Six Conversations Reflections

Some reflections on the implications of the wonderful, insightful and very personal conversations we have had over the last 6 weeks.

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Kate Dyer, Conversations Host

We’ve had some wonderful, insightful and very personal conversations over the course of the last month, and I’d like to offer some reflections on their implications.

At the outset, I’d like to reiterate my thanks to everyone who came along - those who came for one meeting, and those who came to all. It’s sometimes said that ‘whoever comes are the right people’, and that was my strong sense throughout. A small group with a rich conversation is worth much more than a larger group with some of us only semi-engaged.

I’m also aware that these Conversations didn’t work for everyone. Ninety minutes out of a busy day, or in the heart of the evening is not a possibility for everyone, and several people wrote with apologies when they missed a week as ‘life got in the way’.

Underlying this is in part our different orientations, which I’ve attempted to illustrate in the chart below. Apologies in advance to those who find ways forwards through blurred lines and porous boundaries - I’m also one of those but can find value in some delineations as the start to a clearer conversation.


There are two spectrums here, which capture different orientations we may share or share part of:

  • from an enthusiasm for practical next steps through to valuing slowing down and taking time for reflection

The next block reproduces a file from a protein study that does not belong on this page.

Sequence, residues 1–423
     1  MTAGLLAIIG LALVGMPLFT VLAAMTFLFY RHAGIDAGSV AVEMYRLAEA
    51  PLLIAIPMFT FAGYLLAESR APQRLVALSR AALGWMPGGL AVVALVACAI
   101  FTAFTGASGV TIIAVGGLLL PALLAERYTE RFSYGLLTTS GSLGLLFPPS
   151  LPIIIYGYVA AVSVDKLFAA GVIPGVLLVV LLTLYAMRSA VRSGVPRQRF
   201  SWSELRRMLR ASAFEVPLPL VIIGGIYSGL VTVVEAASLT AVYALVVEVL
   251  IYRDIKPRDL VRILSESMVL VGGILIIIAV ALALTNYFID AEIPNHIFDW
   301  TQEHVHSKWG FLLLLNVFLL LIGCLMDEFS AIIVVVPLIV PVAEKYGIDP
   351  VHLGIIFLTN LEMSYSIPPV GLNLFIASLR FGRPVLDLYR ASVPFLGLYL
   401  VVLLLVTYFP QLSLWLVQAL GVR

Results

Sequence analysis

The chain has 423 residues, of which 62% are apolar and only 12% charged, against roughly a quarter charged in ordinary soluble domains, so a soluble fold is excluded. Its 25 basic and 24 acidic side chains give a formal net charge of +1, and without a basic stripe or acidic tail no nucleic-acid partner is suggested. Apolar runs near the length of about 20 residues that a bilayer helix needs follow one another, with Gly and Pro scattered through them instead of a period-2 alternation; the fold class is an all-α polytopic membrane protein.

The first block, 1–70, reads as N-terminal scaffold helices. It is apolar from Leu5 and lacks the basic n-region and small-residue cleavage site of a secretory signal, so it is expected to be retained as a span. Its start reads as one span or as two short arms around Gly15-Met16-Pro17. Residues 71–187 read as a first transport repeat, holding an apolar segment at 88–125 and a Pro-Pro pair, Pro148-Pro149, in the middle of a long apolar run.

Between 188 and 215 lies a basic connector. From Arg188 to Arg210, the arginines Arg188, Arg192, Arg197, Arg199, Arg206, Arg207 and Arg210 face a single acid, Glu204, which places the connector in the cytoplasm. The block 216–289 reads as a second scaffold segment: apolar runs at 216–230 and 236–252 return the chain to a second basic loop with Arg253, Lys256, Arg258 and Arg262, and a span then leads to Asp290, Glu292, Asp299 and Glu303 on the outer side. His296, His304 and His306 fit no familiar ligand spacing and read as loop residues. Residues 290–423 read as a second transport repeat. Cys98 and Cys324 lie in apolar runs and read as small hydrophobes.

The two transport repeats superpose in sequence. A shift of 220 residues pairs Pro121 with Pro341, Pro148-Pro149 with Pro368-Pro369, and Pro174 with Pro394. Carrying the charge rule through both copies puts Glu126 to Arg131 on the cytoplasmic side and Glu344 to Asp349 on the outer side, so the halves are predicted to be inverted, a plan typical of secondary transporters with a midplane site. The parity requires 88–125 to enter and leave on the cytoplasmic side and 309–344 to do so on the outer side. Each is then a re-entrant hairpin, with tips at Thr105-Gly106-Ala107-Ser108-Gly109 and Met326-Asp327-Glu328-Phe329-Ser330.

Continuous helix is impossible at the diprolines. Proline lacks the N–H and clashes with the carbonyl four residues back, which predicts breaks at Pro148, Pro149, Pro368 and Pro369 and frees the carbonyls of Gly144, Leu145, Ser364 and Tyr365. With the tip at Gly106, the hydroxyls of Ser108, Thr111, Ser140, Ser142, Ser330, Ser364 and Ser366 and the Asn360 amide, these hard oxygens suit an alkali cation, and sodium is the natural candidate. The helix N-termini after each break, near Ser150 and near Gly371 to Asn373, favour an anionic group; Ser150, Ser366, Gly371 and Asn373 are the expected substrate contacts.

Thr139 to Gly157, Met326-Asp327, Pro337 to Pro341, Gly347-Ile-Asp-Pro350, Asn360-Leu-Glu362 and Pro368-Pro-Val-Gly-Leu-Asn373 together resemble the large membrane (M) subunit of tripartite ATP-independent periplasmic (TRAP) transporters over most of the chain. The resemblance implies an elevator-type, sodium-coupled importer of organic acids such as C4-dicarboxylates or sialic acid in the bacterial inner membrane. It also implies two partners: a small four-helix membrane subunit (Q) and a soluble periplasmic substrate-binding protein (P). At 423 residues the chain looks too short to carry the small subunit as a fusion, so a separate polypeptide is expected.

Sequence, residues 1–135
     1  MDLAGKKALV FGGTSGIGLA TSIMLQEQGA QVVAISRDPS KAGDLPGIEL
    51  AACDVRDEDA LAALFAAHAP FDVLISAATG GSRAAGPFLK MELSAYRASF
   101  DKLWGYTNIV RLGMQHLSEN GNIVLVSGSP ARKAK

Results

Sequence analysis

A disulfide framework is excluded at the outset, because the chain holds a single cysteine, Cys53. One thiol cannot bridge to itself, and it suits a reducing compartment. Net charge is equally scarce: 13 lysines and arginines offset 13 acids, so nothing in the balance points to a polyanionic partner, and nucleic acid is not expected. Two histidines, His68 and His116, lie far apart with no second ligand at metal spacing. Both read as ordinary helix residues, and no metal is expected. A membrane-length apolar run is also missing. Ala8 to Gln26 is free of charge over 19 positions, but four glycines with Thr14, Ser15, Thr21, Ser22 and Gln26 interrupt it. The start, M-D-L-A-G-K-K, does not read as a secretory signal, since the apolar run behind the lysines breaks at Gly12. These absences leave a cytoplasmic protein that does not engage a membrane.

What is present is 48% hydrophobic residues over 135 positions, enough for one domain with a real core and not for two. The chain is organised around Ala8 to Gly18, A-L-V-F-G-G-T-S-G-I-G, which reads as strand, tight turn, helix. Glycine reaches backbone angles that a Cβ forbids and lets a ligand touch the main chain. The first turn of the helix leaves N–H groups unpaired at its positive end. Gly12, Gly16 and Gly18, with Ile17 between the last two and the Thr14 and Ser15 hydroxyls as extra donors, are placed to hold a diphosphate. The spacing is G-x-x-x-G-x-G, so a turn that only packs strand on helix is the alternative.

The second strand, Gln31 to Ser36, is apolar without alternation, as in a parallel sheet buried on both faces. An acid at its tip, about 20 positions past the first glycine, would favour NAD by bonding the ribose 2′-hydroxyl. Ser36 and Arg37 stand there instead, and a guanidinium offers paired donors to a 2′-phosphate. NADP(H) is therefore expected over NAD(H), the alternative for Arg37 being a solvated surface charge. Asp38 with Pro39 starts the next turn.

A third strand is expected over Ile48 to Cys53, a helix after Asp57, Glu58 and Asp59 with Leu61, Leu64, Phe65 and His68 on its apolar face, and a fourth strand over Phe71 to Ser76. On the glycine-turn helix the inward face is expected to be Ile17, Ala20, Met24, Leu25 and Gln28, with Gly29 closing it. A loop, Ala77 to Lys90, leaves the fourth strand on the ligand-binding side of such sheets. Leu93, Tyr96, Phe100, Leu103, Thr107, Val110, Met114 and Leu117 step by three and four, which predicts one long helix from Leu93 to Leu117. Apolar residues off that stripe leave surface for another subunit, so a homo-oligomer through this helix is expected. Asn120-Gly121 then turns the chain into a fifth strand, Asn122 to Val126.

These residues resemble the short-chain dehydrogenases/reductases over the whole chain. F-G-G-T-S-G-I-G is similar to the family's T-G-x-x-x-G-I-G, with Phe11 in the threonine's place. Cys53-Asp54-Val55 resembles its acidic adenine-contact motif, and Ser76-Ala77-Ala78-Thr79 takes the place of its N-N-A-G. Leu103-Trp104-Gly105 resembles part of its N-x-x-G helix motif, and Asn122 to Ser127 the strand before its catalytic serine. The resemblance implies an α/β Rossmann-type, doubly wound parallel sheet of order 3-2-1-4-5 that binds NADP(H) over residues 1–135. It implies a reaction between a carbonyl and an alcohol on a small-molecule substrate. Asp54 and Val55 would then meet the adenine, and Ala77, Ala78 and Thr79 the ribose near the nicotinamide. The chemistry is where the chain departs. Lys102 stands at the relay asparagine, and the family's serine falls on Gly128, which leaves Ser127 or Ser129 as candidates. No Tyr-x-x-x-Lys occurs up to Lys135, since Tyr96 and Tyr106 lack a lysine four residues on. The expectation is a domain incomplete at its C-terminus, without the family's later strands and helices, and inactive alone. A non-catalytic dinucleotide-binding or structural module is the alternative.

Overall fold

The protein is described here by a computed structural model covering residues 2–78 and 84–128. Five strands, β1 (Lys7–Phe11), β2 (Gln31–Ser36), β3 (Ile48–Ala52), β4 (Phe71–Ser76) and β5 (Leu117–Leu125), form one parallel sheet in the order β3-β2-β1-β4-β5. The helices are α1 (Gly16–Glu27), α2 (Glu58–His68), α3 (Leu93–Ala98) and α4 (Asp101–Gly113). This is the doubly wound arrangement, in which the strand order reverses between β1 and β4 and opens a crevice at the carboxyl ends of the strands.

• From an orientation to the world as it currently is, through to a focus on regenerative practices and futures as they could be.

Putting these into a graph creates four possible ways forwards:

  • Facing outwards to address immediate, obvious and practical challenges - this might include steps we could take to organise Fibreshed Scotland for better networking and skill sharing amongst ourselves (Bottom left)
  • Slowing down to face inwards on ourselves as individuals, including the sources of our creativity (Bottom right)
  • Using differently the skills and resources we currently have / or can network to find to focus on what a regenerative future might look like. A wonderful practical example is the proposed flax seed library under development with ‘seed’ funding from Fibreshed International (Top left)
  • Arguably the ‘north star’ to which our work hopefully contributes… always a work in progress but wonderful to have that orientation and vision. (Top right)

Do any of these appeal to you more than any others? The Conversations as a whole are intended to nudge us towards the top right part of this diagram - slowing down and considering what kind of regenerative practices and futures we might co-create together.

However, it will take all of us - including those who are oriented to practical problem solving in the current context we’re living and working in.

We are hoping to build on the momentum and interest we’ve created by meeting to discuss ‘Next Steps’ on Thursday 7th December 11.30-1.30. We’re intending to shape up what we do and how we do it, hence our agenda will cover:

  • Our material focus (wool/linen/hemp etc - through all the stages from farm to production and markets and ultimately back to soil)
  • Linking up with Fibreshed International
  • Regionality within Scotland
  • How we organise ourselves (our core team, communications, meet-ups and so on)

Please let us know at if you’d like to come along and we’ll send you the link.